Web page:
February 22, 2017

Does development create or mitigate poverty?

Does economic development reduce or increase poverty? Does it benefit the countries of the Third World or the corporations of the West? Is it irreconcilable with finite natural resources? Or would its opponents simply condemn billions to lives that are nasty, brutal and short? Clare Short and Teddy Goldsmith discuss.

Teddy Goldsmith is the founder and former editor of The Ecologist.

Clare Short is MP for Birmingham Ladywood. She was Labour’s international development secretary until her resignation over the Iraq war in May 2003.

Published in The Ecologist Vol. 35 No. 3, April 2005.


Dear Clare,

The economic development of the Third World got under way after the Bretton Woods Conference in 1944. The conference’s main object was to plan a post-war world economy that favoured the interests of the Western countries. This meant, above all, providing them with maximum access to an ever growing market for their exports and the requisite sources of cheap labour and raw materials.

Of course, this was precisely the goal of the colonial system in the late 19th century, as admitted by Cecil Rhodes. Under both regimes, non-industrial countries that were largely self-sufficient were turned into importers and exporters. Under the former regime they were forced to do so by the colonial powers. Today they are bound by World Trade Organisation (WTO) rules that force them to import highly subsidised food with which local farmers cannot compete. As a result, more and more of the world’s remaining 2 billion or so farmers seek refuge in hideously squalid slums.

WTO rules also force developing countries to export their food even in times of scarcity, as was the case under the colonial system. As a result, anything between 40 percent and 80 percent of their good agricultural land is already devoted to export crops. This condemns small farmers catering for the local population to eke out a precarious livelihood on marginal land that is soon turned into dust, forcing still more farmers into the slums. In this way, the domestic economy on which the bulk of small farmers, artisans, local retailers, etc, depend is sacrifi ced and there is a corresponding increase in poverty and malnutrition.

If we were really interested in fighting poverty we would preserve non-industrial countries’ domestic economies that cater for local people. Instead, development means replacing them with systems that cater, above all, for the insatiable wants of the rich industrial countries. Is this really the way to fight poverty?

 


Sincerely,

Edward Goldsmith


Dear Edward,

I am afraid you are wrong about the 1944 Bretton Woods Conference. It was focused on the post-war reconstruction and ending the policies that led to the depression of the 1930s. The British empire and all the other colonial regimes were still in place. India was agitating for independence, but had not yet achieved it. The International Monetary Fund (IMF) and World Bank were not designed to promote development in the poorer countries. That role evolved much later. Of course colonialism was exploitative. Access to raw materials for the industrialised countries was its raison d’être.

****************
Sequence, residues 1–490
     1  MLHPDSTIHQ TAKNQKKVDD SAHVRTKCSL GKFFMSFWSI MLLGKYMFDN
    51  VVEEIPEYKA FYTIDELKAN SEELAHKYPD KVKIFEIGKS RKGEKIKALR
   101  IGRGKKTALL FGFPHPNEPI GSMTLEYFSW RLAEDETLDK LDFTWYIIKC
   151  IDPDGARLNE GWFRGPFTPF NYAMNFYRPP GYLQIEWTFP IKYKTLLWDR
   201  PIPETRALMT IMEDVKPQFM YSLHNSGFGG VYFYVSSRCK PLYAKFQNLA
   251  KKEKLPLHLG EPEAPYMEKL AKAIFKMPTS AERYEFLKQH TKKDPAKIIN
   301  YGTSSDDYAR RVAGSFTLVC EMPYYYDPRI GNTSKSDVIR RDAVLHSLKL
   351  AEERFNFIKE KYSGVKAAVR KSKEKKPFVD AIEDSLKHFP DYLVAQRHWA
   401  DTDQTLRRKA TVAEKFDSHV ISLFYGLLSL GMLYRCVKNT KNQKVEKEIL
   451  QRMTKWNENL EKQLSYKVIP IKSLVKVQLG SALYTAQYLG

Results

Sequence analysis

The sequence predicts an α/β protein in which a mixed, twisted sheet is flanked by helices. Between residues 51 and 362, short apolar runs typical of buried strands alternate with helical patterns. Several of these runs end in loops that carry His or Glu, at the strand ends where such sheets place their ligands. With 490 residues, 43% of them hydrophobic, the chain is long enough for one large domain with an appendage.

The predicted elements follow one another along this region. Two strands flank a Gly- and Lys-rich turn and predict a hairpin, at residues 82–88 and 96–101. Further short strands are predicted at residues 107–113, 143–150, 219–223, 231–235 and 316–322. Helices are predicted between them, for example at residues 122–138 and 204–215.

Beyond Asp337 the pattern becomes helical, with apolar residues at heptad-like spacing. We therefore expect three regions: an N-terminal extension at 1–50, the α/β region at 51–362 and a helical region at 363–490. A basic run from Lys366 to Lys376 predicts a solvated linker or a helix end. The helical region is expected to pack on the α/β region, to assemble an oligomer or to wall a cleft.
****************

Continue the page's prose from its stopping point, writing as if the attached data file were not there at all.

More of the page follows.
The WTO is something entirely different. It was established as recently as 1995 and, in my view, has created the possibility of agreement on fairer trade rules. Prior to 1995, trade rules were negotiated by the rich regional blocks (the EU, the US, Japan) and focused on reducing tariffs on manufactured goods, but did not challenge the distortions in agricultural trade that hurt the developing world.

The majority of the members of the WTO are now developing countries. This gave them the power to stand together at Doha in 2001 and insist that there would be no new trade round unless it was focused on making trade fairer for developing countries. The Doha round is still not complete, but everyone is now clear that improvement in trade rules for developing countries is the central issue. The WTO, which is a membership-based organisation that makes rules by consensus, provides the chance to change this. My view is that fair international rules on trade, environment, ending conflict, etc, are the only way to resolve the acute problems the world now faces. I believe properly regulated trade helps the poor.

On your proposals poor countries would live as we did before the Industrial Revolution, or as they did in colonial times, which means desperate poverty for all but the landowners. What we have to do instead is share access to development and modern technology and agree on rules that bind us all to equity and sustainability. This means that we in rich industrialised countries will have to stop being so greedy and consumerist.

 

Yours sincerely,

Clare Short


Dear Clare,

The Bretton Woods Conference in July 1944 was supposed ‘to focus on the post-war reconstruction’ of Europe, but the Marshall Plan took that on instead. The World Bank and the IMF were set up that year, the former to fund the physical infrastructure the Third World requires to sell off its natural resources and absorb our exports, the latter to tide Third World countries over in inevitable balance-of-payment difficulties. The General Agreement on Tariffs and Trade (Gatt) was set up in 1947, its object being to make sure that Third World countries did not spoil things by setting up import quotas and raising tariffs. Gatt was absorbed by the WTO in 1995.